In Memoriam Ginette Neveu = Interview; BRAHMS: Violin Concerto in D: Movements II-III; BEETHOVEN: Violin Concerto in D Major: Movements II-III; CHAUSSON: Poeme, Op. 25; SIBELIUS: Violin Concerto in D Minor, Op .47: Movements II-III – Ginette Neveu, violin/SouthWest Radio-Symphony Orchestra/Hans Rosbaud (Beethoven)/NWDR Symphony Orchestra/Hans Schmidt-Isserstedt (Brahms)/New York Philharmonic/Charles Munch (Chausson)/Philharmonia Orchestra/Walter Susskind (Sibelius)
Tahra TAH 684, 74:53 [Distr. by Harmonia mundi] ****:
The date October 29, 1949 was a black day for music, when the airplane carrying French virtuoso violinist Ginette Neveu (1919-1949) and her brother Jean (and boxing champion Marcel Cerdan) crashed en route to America. She was to reunite with conductor Charles Munch in New York to begin her American tour. An astonishing accuracy of technique and impassioned commitment to her repertory marked the Neveu style. Even in her brief interview, the desire to share her music–in this case Suk’s Op. 17, No. 4–permeates her discussion, in which she can hardly refrain from taking up her beloved Stradivarius, which perished with her in the fateful crash. The complete Beethoven Concerto was first issued on CD in 1982 by Music & Arts and reedited in 1994.
Neveu mentions Samuel Barber as a modern American stylist whose music has impressed her. She elaborates on Suk’s derivatives from Dvorak and the Czech tradition. Tahra kindly or unkindly provides us four excerpted examples of Neveu’s ardent, even blistering, style, opening with the Larghetto and Rondo from the Beethoven Concerto with Rosbaud. A hushed mysticism infuses the Larghetto, almost a G Major prayer in variations. The performance has the power of inner solitude, a communion a deux, between Neveu and her Rosbaud-led ensemble. Neither taut like Thibaud or lilac-sweet like Francescatti, Neveu’s approach enjoys a simple fervor, the craft completely exposed. Her own brief cadenza takes to the spit-and-polish Rondo, wherein Neveu’s part is all gentleness and canny elegance. But do not underestimate Neveu’s capacity for rasping drive, especially in her final cadenza, which whips forward a la Milstein. The affect well resembles the Apollinian cast that Oistrakh and Cluytens achieved in their later version.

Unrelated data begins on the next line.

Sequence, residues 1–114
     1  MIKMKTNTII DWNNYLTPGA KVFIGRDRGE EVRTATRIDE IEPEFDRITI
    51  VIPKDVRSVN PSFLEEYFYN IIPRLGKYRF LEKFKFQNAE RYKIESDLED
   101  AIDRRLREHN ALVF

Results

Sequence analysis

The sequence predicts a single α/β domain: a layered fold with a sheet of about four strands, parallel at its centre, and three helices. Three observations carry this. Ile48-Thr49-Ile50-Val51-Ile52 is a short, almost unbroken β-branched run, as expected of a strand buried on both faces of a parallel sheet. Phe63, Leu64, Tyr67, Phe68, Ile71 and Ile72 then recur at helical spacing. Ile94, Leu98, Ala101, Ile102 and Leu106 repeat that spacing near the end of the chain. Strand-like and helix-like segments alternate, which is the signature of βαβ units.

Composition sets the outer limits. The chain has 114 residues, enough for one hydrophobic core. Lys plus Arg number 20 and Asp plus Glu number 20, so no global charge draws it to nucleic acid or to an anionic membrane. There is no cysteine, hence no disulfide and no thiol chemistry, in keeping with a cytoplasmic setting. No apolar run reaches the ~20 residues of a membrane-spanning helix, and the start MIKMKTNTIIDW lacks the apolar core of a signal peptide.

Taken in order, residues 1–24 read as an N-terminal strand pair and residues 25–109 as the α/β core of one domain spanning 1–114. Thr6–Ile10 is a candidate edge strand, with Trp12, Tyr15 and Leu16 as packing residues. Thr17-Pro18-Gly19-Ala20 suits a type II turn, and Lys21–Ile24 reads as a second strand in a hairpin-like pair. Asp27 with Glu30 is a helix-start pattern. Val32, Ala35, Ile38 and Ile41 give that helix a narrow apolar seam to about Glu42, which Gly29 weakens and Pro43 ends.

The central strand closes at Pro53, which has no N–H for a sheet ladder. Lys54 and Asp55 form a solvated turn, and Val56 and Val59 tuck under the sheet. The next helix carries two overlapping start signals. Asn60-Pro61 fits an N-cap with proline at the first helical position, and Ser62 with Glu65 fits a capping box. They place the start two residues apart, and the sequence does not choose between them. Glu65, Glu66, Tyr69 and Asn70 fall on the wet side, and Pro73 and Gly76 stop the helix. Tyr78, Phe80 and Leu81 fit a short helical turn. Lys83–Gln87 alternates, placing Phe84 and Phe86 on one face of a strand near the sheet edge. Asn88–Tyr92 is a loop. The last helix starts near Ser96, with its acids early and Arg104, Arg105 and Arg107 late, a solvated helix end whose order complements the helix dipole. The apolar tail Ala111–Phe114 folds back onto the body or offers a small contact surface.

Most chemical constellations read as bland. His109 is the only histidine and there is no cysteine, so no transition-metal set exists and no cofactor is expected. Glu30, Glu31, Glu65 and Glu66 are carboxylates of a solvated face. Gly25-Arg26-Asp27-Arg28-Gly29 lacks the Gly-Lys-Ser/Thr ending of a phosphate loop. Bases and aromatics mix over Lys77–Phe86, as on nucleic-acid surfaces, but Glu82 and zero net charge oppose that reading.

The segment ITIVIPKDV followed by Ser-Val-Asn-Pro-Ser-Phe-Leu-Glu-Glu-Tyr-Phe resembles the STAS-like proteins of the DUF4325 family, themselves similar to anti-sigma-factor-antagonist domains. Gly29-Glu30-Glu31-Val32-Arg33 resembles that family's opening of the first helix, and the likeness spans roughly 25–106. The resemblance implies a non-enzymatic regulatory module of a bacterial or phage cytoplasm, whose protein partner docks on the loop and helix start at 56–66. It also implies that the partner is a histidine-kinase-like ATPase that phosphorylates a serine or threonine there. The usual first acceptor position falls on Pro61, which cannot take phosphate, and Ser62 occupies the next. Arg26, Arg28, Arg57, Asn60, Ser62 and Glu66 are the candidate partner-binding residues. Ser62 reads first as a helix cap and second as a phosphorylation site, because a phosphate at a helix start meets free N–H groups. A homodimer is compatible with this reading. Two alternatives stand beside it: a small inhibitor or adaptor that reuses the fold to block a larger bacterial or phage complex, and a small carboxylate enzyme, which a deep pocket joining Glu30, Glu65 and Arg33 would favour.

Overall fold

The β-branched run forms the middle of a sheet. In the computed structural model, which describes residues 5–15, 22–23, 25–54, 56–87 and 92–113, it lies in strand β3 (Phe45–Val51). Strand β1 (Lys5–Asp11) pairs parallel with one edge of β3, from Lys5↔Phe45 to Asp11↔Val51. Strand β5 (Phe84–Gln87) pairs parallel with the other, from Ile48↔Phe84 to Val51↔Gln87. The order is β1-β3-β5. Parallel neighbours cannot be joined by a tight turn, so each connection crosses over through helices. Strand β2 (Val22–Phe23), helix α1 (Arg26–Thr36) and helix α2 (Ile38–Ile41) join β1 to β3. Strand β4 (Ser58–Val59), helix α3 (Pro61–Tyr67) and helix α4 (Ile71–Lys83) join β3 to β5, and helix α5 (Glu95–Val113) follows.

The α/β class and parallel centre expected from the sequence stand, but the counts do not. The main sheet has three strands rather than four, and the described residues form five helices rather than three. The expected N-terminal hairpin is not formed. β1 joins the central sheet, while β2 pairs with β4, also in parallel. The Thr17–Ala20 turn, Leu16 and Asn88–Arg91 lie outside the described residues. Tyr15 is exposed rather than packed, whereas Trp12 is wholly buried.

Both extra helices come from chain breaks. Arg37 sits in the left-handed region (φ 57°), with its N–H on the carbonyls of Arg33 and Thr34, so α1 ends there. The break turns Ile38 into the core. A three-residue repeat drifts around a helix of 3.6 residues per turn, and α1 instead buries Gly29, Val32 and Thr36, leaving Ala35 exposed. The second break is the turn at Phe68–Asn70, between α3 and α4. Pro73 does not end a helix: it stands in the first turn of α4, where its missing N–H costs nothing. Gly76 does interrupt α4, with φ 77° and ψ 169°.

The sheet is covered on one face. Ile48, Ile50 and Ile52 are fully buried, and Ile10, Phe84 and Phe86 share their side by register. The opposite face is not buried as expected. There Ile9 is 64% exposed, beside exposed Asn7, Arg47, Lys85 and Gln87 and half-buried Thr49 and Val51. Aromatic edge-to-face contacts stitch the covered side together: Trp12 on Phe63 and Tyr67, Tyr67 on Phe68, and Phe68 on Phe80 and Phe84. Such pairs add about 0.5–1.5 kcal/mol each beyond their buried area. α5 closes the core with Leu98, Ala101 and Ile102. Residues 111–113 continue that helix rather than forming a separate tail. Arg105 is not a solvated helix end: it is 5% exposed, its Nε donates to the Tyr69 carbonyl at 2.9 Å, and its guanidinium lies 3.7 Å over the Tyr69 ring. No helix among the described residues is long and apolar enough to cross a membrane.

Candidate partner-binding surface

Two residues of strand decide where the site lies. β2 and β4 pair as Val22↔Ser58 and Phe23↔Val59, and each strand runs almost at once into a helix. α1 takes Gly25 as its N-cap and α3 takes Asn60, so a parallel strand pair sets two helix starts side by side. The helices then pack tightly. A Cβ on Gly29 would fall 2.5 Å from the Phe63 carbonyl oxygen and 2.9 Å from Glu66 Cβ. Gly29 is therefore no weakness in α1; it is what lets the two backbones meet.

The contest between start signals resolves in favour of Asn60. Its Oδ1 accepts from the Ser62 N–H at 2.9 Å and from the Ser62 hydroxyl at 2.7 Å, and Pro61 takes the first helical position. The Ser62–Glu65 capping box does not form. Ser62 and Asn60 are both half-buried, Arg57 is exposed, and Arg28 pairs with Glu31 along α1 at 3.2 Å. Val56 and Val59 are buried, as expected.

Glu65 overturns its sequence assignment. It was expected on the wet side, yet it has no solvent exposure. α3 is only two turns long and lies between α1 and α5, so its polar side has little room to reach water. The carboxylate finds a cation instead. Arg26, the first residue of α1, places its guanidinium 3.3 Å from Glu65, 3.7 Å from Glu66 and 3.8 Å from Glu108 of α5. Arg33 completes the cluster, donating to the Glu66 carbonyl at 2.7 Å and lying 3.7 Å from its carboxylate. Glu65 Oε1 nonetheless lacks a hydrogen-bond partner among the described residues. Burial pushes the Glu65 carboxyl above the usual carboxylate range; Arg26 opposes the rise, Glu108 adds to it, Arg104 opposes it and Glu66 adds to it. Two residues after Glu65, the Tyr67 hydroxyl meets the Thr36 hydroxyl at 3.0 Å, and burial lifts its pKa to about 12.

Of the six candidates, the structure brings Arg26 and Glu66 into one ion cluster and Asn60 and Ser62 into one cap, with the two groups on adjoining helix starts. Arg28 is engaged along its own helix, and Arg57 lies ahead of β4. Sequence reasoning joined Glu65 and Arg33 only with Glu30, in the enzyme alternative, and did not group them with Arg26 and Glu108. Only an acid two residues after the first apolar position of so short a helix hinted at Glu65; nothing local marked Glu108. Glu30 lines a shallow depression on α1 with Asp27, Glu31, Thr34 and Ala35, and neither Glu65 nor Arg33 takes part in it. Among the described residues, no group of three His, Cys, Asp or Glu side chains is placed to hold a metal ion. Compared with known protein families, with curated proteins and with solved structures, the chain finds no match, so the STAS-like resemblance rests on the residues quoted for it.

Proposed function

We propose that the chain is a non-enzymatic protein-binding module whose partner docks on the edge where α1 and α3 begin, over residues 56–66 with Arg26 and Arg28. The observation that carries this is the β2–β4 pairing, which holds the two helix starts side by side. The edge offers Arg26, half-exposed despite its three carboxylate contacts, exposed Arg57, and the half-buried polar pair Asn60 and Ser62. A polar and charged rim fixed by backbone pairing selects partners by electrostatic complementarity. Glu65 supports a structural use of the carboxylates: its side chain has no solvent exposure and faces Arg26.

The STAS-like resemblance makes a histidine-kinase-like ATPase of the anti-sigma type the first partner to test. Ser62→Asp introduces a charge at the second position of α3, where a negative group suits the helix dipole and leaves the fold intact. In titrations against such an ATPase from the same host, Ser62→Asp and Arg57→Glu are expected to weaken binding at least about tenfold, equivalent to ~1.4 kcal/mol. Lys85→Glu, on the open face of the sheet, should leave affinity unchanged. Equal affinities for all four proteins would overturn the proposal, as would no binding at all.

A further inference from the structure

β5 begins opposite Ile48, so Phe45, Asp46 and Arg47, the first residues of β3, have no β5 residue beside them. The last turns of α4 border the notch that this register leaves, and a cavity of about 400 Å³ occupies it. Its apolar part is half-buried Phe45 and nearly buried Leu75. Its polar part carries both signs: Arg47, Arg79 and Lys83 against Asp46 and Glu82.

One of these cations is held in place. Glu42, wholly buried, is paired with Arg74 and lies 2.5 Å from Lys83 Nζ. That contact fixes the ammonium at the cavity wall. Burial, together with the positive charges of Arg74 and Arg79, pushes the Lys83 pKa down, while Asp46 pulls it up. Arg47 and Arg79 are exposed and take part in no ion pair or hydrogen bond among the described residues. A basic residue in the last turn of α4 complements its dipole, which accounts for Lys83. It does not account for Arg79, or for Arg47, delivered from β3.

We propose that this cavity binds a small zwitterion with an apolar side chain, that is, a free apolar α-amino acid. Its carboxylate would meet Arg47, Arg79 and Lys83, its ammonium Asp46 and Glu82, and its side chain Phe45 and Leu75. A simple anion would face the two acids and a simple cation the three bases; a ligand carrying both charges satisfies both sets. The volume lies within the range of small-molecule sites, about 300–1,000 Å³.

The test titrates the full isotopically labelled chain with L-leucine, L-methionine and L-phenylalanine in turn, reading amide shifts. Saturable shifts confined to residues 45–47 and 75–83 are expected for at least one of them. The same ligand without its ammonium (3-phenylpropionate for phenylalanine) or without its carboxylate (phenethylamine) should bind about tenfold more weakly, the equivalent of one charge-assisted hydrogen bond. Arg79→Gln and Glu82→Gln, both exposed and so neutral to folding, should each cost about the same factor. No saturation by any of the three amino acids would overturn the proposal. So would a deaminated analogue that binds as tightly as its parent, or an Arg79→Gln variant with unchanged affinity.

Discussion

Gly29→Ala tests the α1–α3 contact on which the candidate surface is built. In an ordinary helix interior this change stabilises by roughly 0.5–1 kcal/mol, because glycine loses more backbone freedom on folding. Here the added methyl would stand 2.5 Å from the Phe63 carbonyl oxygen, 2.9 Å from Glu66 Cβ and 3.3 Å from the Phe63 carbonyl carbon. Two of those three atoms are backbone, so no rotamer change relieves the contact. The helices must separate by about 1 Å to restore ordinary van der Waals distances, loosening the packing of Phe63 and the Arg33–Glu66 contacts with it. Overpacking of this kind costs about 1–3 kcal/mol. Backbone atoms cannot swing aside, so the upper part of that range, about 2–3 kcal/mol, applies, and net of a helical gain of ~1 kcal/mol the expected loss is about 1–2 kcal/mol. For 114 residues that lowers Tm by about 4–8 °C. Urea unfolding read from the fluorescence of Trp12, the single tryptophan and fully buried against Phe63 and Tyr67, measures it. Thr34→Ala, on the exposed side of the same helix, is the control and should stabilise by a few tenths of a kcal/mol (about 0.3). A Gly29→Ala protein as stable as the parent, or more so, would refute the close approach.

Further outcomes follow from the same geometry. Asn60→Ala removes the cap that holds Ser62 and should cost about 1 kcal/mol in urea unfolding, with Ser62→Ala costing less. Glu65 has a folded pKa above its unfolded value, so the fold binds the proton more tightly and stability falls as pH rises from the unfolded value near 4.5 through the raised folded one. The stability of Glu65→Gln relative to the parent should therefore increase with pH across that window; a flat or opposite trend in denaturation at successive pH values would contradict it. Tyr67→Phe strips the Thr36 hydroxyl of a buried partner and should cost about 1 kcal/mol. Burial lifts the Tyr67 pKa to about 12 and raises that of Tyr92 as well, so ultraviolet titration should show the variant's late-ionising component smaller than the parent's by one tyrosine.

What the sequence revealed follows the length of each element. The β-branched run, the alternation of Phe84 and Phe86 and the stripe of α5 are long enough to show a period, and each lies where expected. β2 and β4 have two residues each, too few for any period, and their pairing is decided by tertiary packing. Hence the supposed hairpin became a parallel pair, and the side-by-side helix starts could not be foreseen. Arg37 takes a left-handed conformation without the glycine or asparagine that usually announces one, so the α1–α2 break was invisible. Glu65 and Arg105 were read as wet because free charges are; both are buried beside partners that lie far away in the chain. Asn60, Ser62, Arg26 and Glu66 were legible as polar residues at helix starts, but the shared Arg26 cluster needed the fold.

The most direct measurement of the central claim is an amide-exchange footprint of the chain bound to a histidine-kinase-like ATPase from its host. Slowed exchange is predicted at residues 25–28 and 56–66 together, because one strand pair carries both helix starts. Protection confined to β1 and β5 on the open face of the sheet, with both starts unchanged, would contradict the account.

Another astonishing paean to music opens the Adagio of the Brahms Concerto from Hamburg (3 May 1948), the oboe in command. This rendition is one of four we have from Neveu, and it well commands respect as the most lyrically, passionately invested, aided by Schmidt-Isserstedt’s prominent sympathies. Neveu brings her vocalized style to the fore, but there is besides much subtlety and nuance in the extension of the line, soft dynamics and degrees of rubato that illuminate the arch she creates. The sheer mania of Neveu’s vision erupts in the Rondo, where a decidedly gypsy flair marks her attacks and sizzling runs and scales, the drive gathering increasing momentum as it mounts to the final pages.
The 1896 Chausson Poeme (2 January 1949) testifies to the complete artistic unity of mind Neveu shared with Munch, who would have engaged Neveu for infinitely more concerts. Dreamy, impassioned, languorous, the performance moves in aromatic waves, set to Symbolist lines wrought by Ivan Turgenev, “The Song of Triumph Love.” The strictly solo episodes enjoy all of the resonance of a Bach sonata, while the orchestra chants in Eastern modalities of perfumed pleasures. Chausson himself disowned any program, claiming there was only “sensation” to be gleaned from his chromatic figures, but we see our own tragic longing–in those final descending trills–for Neveu in these tender pages.
The EMI Sibelius Concerto with Walter Susskind (22 November 1945) had a prior issue on the Dutton label. Neveu’s approach proves stately and studied but curiously unemotional, given her fervent temperament. Neveu seems intent upon architecture and soft lines, at least in the B-flat Adagio di molto. The integration of the solo part with the orchestral tissue gives us the impression of a sinfonia concertante rather than a full-blown concerto proper. The last movement “polonaise for polar bears” accesses the divine rapture in Neveu, although the manic banshee remains suppressed. Still, the ardor of the music and the fervor of participation certify a flawless technique and a classically chiseled realization of Sibelius’ intentions. Composer Henri Sauguet called Neveu’s death: a “divine abduction.”